During the Homily, Fr. Diola asked the children what their favorite bird was. Most of the children answered “pati” or pigeon and from there, he segued into the pigeon’s cousin, the dove, and what it symbolized ̶ Peace and Hope. He expounded at length on the theme of Hope, and regaled the children with true-to-life stories of a former street child and a mineral water vendor. The former used to loiter around Cebu City’s pier area and was probably destined to a bleak future but his life was turned around when he was adopted by a policeman. By God’s grace and by applying himself diligently to his studies, this same child, Fr. Diola told his attentive audience, is now a law enforcer and has repaid the goodness shown to him by his adoptive father in helping street children.
The other shining example of Hope that he held up to the children was the story of “Dudoy” a mineral water vendor who plied his trade under all kinds of weather near SM City Cebu. This cheerful young man harbored the dream of becoming a teacher but, since his parents could not afford to send him to college, he embarked on this enterprise to earn money for his tuition. But Dudoy was no ordinary water vendor; his eye-catching get-up, wit and mincing dance steps entertained PUJ passengers and passers-by and which, more often than not, inveigled them to buy his wares. Dudoy is now a teacher, having graduated from the University of Cebu with a degree in BS Education.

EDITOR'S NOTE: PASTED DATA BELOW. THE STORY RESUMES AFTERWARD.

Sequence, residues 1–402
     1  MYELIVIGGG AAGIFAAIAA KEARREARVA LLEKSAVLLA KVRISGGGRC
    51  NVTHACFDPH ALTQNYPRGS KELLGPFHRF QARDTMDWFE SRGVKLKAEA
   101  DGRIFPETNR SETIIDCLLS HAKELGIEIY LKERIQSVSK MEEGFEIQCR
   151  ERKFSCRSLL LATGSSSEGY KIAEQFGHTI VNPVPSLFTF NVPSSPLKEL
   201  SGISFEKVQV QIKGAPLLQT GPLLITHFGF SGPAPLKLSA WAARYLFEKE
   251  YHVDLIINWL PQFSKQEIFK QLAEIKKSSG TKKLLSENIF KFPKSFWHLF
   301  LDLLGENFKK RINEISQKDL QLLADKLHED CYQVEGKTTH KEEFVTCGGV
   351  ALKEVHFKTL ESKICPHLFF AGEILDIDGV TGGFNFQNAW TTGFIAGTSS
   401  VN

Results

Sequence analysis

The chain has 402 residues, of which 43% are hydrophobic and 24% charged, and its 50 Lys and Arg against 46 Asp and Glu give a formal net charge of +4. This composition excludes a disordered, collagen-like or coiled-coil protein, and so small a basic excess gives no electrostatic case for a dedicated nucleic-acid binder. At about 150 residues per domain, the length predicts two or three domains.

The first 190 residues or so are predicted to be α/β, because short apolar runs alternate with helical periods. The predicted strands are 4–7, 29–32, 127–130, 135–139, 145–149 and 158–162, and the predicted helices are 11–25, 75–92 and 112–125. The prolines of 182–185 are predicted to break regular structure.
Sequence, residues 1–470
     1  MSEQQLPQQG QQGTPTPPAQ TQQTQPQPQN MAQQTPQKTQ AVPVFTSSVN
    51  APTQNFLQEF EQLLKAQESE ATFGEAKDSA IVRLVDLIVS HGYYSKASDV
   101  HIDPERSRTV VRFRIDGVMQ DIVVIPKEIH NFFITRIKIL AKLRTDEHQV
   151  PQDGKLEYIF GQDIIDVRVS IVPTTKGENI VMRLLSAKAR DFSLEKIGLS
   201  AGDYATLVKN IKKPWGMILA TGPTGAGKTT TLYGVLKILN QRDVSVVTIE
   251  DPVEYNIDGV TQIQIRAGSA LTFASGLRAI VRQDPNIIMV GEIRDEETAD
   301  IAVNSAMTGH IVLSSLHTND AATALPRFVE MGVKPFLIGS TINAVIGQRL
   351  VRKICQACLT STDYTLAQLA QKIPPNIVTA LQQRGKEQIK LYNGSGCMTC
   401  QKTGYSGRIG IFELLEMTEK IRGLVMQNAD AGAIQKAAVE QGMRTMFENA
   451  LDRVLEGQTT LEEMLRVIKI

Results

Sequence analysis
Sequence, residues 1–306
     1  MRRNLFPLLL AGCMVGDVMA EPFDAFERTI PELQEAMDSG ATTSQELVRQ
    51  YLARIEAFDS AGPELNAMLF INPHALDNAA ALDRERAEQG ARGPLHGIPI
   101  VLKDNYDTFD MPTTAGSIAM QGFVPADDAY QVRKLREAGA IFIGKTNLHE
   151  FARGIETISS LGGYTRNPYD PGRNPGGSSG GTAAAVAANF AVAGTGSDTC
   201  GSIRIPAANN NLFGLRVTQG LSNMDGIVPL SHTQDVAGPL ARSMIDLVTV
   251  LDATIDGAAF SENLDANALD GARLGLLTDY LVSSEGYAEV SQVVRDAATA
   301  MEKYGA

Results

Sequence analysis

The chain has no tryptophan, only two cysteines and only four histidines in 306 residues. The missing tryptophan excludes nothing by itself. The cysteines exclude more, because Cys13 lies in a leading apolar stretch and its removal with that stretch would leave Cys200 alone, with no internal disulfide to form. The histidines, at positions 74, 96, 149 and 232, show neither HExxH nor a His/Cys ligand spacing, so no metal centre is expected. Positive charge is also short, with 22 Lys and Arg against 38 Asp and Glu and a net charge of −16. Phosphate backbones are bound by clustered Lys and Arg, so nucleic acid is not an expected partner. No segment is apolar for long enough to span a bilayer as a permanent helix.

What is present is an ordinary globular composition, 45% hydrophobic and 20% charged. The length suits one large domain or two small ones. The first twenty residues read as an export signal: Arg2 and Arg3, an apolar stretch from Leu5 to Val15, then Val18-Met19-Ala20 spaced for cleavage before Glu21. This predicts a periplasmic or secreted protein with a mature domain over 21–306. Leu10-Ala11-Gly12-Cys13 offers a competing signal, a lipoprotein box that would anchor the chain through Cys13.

In summation, Fr. Diola told the children that there is no limit to what they can achieve if they work hard towards their goal and pray just as hard to the Almighty Father for guidance and strength.